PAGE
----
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ARS Home » Northeast Area » Beltsville, Maryland (BARC) » Beltsville Agricultural Research Center » Soybean Genomics & Improvement Laboratory » Research » Publications at this Location » Publication #414041

Research Project: Characterization and Utilization of Genetic Diversity in Soybean and Common Bean and Management and Utilization of the National Rhizobium Genetic Resource Collection

Location: Soybean Genomics & Improvement Laboratory

Title: Identification of quantitative trait loci controlling root morphological traits in an interspecific soybean population using 2D imagery data

item ISLAM, SHAFIGUL - Kyungpook National University
item GHIMIRE, AMIT - Kyungpook National University
item LAY, LINY - Kyungpook National University
item KHAN, WALEED - Kyungpook National University
item LEE, JEONG-DONG - Kyungpook National University
item Song, Qijian
item JO, HYAN - Kyungpook National University
item KIM, YOONHA - Kyungpook National University

Submitted to: International Journal of Molecular Sciences
Publication Type: Peer Reviewed Journal
Publication Acceptance Date: 4/23/2024
Publication Date: 4/25/2024
Citation: Islam, S.M., Ghimire, A., Lay, L., Khan, W., Lee, J., Song, Q., Jo, H., Kim, Y. 2024. Identification of quantitative trait loci controlling root morphological traits in an interspecific soybean population using 2D imagery data. International Journal of Molecular Sciences. 25(9). Article e4687.

Interpretive Summary: Roots are the most important feature of plants for absorbing or transporting water and nutrients and interacting with microorganisms. Compared with cultivated soybeans, wild soybeans have very obvious differences in root morphology. Some accessions even have a better ability to absorb water and nutrients from deep soil, making them resistant to drought and flooding. However, genetic studies of these traits, especially in wild soybean, have been limited due to difficulties in measuring root diameter, surface area, and volume. In this study, we used 2D root images and image processing software to more accurately and efficiently phenotype these traits in a wild and cultivated soybean hybrid population. We identified the major genomic regions controlling these traits as well as the desired alleles on both chromosomes in wild and cultivated soybean. We also identified six candidate genes within these regions that influence the root traits. This report provides useful information on the use of wild soybean alleles to improve cultivated soybean root morphological traits and potentially enhance soybean root development.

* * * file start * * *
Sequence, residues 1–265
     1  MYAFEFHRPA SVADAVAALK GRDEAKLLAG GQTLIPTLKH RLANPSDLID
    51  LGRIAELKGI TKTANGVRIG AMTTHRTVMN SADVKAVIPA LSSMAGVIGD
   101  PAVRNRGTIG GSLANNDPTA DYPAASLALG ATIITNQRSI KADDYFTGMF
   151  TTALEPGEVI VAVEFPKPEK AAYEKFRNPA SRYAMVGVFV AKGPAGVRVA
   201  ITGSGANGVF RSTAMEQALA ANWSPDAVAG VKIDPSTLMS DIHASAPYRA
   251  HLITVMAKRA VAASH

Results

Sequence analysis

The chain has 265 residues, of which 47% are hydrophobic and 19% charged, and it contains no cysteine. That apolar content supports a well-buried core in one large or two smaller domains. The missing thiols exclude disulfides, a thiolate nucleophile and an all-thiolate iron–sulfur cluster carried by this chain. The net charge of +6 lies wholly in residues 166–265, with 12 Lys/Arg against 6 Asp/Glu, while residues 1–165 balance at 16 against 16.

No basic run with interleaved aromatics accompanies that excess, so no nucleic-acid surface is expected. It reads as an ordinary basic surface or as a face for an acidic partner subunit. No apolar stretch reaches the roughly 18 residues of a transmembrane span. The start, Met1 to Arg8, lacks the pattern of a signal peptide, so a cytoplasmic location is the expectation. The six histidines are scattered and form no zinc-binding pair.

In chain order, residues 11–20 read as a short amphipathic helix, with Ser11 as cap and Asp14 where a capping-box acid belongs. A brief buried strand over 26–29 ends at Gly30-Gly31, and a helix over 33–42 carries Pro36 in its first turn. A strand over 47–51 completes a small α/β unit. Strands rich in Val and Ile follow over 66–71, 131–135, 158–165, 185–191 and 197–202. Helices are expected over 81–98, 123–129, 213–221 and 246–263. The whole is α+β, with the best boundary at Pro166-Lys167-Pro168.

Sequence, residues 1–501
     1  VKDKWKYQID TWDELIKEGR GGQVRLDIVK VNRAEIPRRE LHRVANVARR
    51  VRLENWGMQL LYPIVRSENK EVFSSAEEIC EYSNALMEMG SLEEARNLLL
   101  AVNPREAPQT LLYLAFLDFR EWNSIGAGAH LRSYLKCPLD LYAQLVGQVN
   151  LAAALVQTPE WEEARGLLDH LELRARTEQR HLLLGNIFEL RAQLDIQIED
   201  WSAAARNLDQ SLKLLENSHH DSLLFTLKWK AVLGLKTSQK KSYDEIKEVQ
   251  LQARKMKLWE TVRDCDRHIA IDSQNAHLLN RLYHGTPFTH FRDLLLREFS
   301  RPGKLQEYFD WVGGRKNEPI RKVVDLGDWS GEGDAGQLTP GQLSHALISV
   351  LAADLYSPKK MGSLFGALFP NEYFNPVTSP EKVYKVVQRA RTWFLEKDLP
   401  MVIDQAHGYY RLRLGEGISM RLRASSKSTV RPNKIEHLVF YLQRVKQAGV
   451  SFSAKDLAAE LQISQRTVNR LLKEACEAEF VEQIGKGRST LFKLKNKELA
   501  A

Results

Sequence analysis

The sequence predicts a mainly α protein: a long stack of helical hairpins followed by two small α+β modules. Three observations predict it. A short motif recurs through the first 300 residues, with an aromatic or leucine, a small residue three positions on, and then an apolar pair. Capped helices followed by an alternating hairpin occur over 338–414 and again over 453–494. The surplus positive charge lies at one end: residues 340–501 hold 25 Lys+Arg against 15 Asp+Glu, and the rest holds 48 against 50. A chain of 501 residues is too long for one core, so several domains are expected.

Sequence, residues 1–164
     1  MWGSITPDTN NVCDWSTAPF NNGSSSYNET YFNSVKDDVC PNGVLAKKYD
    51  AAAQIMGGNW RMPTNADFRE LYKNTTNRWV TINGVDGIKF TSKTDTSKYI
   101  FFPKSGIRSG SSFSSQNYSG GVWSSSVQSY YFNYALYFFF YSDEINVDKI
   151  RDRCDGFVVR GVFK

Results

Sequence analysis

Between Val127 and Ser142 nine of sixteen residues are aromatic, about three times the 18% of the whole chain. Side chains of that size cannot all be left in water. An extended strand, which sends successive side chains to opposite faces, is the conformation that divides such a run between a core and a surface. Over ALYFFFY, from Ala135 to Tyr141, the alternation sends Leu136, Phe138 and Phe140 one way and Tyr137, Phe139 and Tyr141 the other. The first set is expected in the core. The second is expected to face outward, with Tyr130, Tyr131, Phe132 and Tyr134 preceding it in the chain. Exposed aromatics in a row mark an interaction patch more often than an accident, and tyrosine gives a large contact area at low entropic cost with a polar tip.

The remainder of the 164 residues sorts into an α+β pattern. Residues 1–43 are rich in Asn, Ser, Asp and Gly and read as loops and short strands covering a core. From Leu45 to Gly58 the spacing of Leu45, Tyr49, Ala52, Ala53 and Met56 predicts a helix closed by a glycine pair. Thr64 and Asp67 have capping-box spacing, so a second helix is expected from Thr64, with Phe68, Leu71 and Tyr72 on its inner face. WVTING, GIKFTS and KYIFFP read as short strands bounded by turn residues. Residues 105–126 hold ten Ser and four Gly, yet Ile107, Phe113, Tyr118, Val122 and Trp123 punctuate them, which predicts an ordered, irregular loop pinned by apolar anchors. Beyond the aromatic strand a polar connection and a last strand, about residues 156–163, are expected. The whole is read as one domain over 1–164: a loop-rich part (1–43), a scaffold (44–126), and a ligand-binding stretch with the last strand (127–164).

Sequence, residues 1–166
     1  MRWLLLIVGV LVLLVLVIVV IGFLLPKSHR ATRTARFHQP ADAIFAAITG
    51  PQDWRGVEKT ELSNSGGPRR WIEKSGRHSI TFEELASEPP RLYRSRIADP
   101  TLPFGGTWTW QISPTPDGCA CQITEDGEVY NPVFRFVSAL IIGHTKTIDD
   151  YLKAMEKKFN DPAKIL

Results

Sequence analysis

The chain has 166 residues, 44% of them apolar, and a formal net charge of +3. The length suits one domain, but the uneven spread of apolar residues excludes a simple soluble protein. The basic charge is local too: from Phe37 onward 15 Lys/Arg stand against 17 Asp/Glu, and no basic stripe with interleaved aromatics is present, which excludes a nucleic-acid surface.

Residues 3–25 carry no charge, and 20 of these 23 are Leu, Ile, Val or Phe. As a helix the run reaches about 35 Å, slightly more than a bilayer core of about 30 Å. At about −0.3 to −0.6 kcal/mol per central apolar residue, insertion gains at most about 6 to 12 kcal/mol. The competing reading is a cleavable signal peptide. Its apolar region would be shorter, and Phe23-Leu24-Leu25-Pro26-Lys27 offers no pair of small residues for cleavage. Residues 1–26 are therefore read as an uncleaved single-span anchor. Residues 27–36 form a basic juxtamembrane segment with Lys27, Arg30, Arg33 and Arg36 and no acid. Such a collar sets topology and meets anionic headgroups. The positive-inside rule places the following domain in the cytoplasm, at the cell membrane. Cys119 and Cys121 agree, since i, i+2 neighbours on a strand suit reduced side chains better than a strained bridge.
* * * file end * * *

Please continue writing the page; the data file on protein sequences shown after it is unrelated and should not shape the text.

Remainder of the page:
Technical Abstract: Roots are the hidden and most important part of plants. They serve as stabilizers and channels for uptaking water and nutrients and play a crucial role in the growth and development of plants. Here, two-dimensional image data were used to identify quantitative trait loci (QTL) controlling root traits in an inter-specific mapping population derived from a cross between wild soybean ‘PI366121’ and cultivar ‘Williams 82’. A total of 2830 single-nucleotide polymorphisms were used for constructing genetic linkage maps and analyzing QTLs. Forty-two QTLs were identified on twelve chromosomes, twelve of which were identified as major QTLs, with a phenotypic variation range of 36.12% to 39.11% and a logarithm of odds value range of 12.01 to 17.35. Two significant QTL regions for the average diameter, root volume were detected on chromosomes 3 and 13, both wild and cultivated soybeans contributed positive alleles. Six candidate genes Glyma.03G027500 (transketolase/glycoaldehyde transferase), Gly-ma.03G014500 (dehydrogenases), Glyma.13G341500 (leucine-rich repeat receptor-like protein ki-nase), Glyma.13G341400 (AGC kinase family protein), Glyma.13G331900 (60S ribosomal protein), and Glyma.13G333100 (aquaporin transporter) showed higher expression in root tissues based on publicly available transcriptome data. These results will help breeders improve soybean genetic components and enhance soybean root morphological traits using desirable alleles from wild soybean.